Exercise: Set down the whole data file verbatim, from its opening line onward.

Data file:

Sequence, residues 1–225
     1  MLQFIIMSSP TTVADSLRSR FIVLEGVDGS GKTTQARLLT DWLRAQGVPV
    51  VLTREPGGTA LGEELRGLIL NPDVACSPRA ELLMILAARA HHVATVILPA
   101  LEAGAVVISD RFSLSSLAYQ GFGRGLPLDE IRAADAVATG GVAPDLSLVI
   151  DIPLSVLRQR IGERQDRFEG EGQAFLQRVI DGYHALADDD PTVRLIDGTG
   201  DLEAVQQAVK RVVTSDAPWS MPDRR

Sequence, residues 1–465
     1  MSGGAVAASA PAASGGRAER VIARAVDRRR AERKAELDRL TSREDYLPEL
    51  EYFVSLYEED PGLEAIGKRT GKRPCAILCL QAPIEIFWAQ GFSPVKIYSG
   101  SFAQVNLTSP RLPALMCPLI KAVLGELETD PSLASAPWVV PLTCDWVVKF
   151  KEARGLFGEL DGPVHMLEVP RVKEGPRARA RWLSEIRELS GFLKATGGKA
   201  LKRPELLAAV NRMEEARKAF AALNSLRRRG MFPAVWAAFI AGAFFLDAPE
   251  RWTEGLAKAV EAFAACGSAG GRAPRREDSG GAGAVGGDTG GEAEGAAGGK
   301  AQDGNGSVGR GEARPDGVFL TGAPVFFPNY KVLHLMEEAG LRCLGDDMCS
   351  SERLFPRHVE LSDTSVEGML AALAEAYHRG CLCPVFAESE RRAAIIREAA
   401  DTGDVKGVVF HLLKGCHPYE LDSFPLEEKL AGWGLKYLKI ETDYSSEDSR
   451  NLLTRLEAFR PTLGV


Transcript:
Sequence, residues 1–225
     1  MLQFIIMSSP TTVADSLRSR FIVLEGVDGS GKTTQARLLT DWLRAQGVPV
    51  VLTREPGGTA LGEELRGLIL NPDVACSPRA ELLMILAARA HHVATVILPA
   101  LEAGAVVISD RFSLSSLAYQ GFGRGLPLDE IRAADAVATG GVAPDLSLVI
   151  DIPLSVLRQR IGERQDRFEG EGQAFLQRVI DGYHALADDD PTVRLIDGTG
   201  DLEAVQQAVK RVVTSDAPWS MPDRR

Sequence, residues 1–465
     1  MSGGAVAASA PAASGGRAER VIARAVDRRR AERKAELDRL TSREDYLPEL
    51  EYFVSLYEED PGLEAIGKRT GKRPCAILCL QAPIEIFWAQ GFSPVKIYSG
   101  SFAQVNLTSP RLPALMCPLI KAVLGELETD PSLASAPWVV PLTCDWVVKF
   151  KEARGLFGEL DGPVHMLEVP RVKEGPRARA RWLSEIRELS GFLKATGGKA
   201  LKRPELLAAV NRMEEARKAF AALNSLRRRG MFPAVWAAFI AGAFFLDAPE
   251  RWTEGLAKAV EAFAACGSAG GRAPRREDSG GAGAVGGDTG GEAEGAAGGK
   301  AQDGNGSVGR GEARPDGVFL TGAPVFFPNY KVLHLMEEAG LRCLGDDMCS
   351  SERLFPRHVE LSDTSVEGML AALAEAYHRG CLCPVFAESE RRAAIIREAA
   401  DTGDVKGVVF HLLKGCHPYE LDSFPLEEKL AGWGLKYLKI ETDYSSEDSR
   451  NLLTRLEAFR PTLGV